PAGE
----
Get your hands dirty. Time to start making. Free, remixable apps by Field Day.
Researchers, teachers and students use ARIS to make mobile games, tours and interactive stories.go
Use Siftr to make fieldwork easy. Got five minutes? Anybody can make a Siftr.go
Create your own digital field guide, no coding required.go
Field Day makes apps that change the way people see the world. play around, or remix them.
Unravel the stories behind mysterious artifacts at the museum.go
Use math and scientific modeling to escape an abandoned planet.go
Teach Science with free, beautiful games on the web.go
Journey deep into space to track down the source of a neutrinogo
Explore how atoms work with this tactile simulation. 8+go
Save a martian colony through research.go
Explore the complicated Nitrogen Cycle with this board game, 16+go
Learn how to use all the things Field Day makes.
Online courses to teach you make stuff with Field Day tools like Siftr and ARISgo
Learn more about Field Day apps, get answers to your questionsgo
You’ve got superheros in your school but even superheros need support. Join project based PD with Field Day.go
In this Math Drama, you are a scientist who just crash-landed on an abandoned mining planet. With your oxygen dwindling, you must use mathematical models to predict how you can get enough fuel to escape before time runs out.
You are a material scientist who just crash-landed on an abandoned mining planet. You’re out of fuel, and your suit’s oxygen is running low. You need to mine enough fuel to power your ship, or you won’t survive.
You stumble into the old mining facility. That’s where you meet MAL, the mine’s Artificial Intelligence, who is thrilled to have someone to talk to. With MAL’s help, you’ll build scientific models to predict if you’re mining fast enough and what you need to do next.
Each level puts the student in the role of the scientific modeler. Students will set up equations, work with graphs, input data, and use models to make predictions. Along the way, as obstacles keep popping up, students will experience how models are used as a tool to make decisions.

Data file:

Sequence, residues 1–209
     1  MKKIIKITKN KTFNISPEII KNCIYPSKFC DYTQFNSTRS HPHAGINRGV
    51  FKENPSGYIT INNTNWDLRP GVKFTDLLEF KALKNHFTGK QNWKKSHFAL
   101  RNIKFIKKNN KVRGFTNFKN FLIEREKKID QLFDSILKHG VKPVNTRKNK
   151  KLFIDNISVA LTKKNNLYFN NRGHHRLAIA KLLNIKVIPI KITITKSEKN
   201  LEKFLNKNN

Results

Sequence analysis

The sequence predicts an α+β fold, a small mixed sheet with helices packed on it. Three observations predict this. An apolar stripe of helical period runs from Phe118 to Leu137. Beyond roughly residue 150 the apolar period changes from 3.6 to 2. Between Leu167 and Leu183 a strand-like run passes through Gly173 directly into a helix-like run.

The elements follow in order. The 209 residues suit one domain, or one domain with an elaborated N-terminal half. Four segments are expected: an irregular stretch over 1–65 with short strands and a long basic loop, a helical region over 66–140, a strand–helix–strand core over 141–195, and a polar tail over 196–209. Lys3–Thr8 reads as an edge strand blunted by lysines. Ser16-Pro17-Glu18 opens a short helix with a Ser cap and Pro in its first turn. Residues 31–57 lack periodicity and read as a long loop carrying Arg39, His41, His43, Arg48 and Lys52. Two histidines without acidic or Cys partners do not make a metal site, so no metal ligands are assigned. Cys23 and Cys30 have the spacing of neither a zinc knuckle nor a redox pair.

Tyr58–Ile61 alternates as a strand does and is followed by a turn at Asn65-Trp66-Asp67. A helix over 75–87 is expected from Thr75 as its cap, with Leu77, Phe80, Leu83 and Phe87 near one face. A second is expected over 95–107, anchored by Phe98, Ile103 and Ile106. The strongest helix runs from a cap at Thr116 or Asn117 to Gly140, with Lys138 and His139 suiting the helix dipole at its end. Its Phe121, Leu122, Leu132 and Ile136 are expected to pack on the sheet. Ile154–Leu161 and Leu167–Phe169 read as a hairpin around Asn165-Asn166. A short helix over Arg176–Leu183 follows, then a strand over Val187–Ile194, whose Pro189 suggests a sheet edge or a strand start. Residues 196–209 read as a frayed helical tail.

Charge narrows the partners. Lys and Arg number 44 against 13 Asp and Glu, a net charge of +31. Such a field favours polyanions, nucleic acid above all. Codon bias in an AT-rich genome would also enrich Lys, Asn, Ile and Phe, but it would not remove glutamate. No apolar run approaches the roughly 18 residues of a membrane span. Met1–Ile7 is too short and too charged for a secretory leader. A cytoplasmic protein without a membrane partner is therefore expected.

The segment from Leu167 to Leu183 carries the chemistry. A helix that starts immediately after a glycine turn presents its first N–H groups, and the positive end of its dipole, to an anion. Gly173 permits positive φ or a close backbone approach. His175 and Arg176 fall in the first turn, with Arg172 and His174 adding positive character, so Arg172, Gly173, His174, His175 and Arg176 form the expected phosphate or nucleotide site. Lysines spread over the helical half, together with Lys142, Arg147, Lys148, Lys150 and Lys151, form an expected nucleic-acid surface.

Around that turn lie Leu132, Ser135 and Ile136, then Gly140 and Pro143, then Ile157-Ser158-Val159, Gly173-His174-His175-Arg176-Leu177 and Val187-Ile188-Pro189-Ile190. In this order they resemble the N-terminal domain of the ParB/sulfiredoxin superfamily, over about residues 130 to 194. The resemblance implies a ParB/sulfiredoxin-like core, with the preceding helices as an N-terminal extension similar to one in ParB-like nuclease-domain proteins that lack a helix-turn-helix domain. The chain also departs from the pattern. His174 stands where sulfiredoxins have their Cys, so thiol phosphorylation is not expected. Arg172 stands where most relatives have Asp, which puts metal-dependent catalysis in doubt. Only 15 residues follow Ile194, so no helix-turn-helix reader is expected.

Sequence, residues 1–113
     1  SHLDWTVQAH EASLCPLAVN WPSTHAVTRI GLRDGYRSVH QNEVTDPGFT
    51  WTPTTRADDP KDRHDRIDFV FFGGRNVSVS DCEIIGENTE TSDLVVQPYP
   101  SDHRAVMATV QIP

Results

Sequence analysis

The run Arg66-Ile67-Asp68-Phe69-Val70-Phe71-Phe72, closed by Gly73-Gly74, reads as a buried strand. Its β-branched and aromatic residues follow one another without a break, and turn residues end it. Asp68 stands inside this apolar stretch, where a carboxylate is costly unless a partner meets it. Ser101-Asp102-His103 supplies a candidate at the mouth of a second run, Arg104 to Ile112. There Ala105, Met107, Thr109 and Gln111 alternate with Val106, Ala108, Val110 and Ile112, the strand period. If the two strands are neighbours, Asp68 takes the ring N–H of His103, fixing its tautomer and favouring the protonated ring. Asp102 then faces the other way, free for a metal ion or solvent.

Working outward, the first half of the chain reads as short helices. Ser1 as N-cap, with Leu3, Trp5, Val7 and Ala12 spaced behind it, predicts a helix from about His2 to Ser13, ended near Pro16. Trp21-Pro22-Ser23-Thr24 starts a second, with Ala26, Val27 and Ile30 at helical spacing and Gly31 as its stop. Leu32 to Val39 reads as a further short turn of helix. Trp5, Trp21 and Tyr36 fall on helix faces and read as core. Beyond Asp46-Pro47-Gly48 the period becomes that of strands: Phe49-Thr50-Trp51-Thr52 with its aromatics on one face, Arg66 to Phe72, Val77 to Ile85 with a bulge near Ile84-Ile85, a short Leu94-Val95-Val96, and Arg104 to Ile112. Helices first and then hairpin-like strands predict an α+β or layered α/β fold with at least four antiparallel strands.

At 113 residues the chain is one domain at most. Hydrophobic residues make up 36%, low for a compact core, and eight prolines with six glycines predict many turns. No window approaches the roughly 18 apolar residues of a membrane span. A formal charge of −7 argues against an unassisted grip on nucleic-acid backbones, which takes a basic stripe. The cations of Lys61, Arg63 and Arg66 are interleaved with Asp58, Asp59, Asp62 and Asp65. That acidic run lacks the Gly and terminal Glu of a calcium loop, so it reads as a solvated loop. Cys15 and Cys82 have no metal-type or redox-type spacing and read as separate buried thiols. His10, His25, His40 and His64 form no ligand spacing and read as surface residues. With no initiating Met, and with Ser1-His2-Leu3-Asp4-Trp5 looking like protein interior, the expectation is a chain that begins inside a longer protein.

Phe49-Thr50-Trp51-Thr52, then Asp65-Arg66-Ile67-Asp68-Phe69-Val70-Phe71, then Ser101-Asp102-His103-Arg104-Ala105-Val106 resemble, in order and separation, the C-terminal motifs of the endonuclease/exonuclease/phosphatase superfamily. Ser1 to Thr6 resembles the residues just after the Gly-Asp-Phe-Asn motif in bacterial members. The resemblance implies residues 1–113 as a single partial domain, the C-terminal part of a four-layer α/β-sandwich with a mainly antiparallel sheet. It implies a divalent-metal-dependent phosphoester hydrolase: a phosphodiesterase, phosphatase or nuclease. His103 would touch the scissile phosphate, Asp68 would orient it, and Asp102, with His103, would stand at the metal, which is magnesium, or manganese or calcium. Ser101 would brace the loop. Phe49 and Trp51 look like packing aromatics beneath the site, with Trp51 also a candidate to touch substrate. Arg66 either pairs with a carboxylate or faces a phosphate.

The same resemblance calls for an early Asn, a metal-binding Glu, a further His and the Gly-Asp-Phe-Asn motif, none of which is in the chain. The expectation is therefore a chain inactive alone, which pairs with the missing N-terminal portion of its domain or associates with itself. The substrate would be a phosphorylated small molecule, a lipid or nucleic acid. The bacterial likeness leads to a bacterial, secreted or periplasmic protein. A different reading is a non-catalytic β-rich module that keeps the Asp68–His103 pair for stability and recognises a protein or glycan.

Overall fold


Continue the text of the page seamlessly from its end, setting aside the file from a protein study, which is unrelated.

Note: For best compatibility, use Chrome
Use Lost at the Forever Mine to introduce units on graphing or scientific modeling. The game was designed to help kids experience the need for math to make predictions. This story-based game gives a context to why graphing, math equations, and collecting data can help us solve problems.
Try introducing a unit with this game. Let the kids figure out how the game works with little introduction. Remember, struggling to figure it out is part of the process. Games are safe places for struggle and failure to become part of the fun.
Developing and using models is one of the eight cross-cutting science and engineering practices in the NGSS Framework
From the NGSS Framework: “Developing and Using Models. A practice of both science and engineering is to use and construct models as helpful tools for representing ideas and explanations. These tools include diagrams, drawings, physical replicas, mathematical representations, analogies, and computer simulations.”
This game is designed as an introduction to mathematical models and their utility in describing and predicting phenomena.
Develop a model to generate data for iterative testing and modification of a proposed object, tool, or process such that an optimal design can be achieved.
This standard is met in the game by having the player iteratively improve the mining process such that an optimal design can be achieved and the player survives.
Lost at the Forever Mine is an open-source project licensed under the MIT license